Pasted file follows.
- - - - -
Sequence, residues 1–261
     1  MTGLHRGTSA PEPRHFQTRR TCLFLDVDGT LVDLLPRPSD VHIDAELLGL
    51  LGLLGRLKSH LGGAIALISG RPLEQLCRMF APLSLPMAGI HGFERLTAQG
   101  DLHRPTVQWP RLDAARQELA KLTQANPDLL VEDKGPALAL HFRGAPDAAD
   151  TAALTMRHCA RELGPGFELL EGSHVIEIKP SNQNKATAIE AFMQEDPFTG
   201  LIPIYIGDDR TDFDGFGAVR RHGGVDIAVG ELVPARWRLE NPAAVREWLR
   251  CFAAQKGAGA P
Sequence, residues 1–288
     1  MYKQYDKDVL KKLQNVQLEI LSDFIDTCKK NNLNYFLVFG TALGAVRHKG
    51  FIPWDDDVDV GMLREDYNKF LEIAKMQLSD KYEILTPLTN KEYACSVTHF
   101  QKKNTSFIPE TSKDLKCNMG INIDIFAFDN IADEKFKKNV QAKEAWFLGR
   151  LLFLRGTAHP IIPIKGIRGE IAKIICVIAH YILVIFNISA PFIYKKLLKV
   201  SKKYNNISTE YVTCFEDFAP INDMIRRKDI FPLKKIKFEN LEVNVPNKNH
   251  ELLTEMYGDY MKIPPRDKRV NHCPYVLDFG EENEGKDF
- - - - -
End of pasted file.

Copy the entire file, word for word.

Sequence, residues 1–261
     1  MTGLHRGTSA PEPRHFQTRR TCLFLDVDGT LVDLLPRPSD VHIDAELLGL
    51  LGLLGRLKSH LGGAIALISG RPLEQLCRMF APLSLPMAGI HGFERLTAQG
   101  DLHRPTVQWP RLDAARQELA KLTQANPDLL VEDKGPALAL HFRGAPDAAD
   151  TAALTMRHCA RELGPGFELL EGSHVIEIKP SNQNKATAIE AFMQEDPFTG
   201  LIPIYIGDDR TDFDGFGAVR RHGGVDIAVG ELVPARWRLE NPAAVREWLR
   251  CFAAQKGAGA P
Sequence, residues 1–288
     1  MYKQYDKDVL KKLQNVQLEI LSDFIDTCKK NNLNYFLVFG TALGAVRHKG
    51  FIPWDDDVDV GMLREDYNKF LEIAKMQLSD KYEILTPLTN KEYACSVTHF
   101  QKKNTSFIPE TSKDLKCNMG INIDIFAFDN IADEKFKKNV QAKEAWFLGR
   151  LLFLRGTAHP IIPIKGIRGE IAKIICVIAH YILVIFNISA PFIYKKLLKV
   201  SKKYNNISTE YVTCFEDFAP INDMIRRKDI FPLKKIKFEN LEVNVPNKNH
   251  ELLTEMYGDY MKIPPRDKRV NHCPYVLDFG EENEGKDF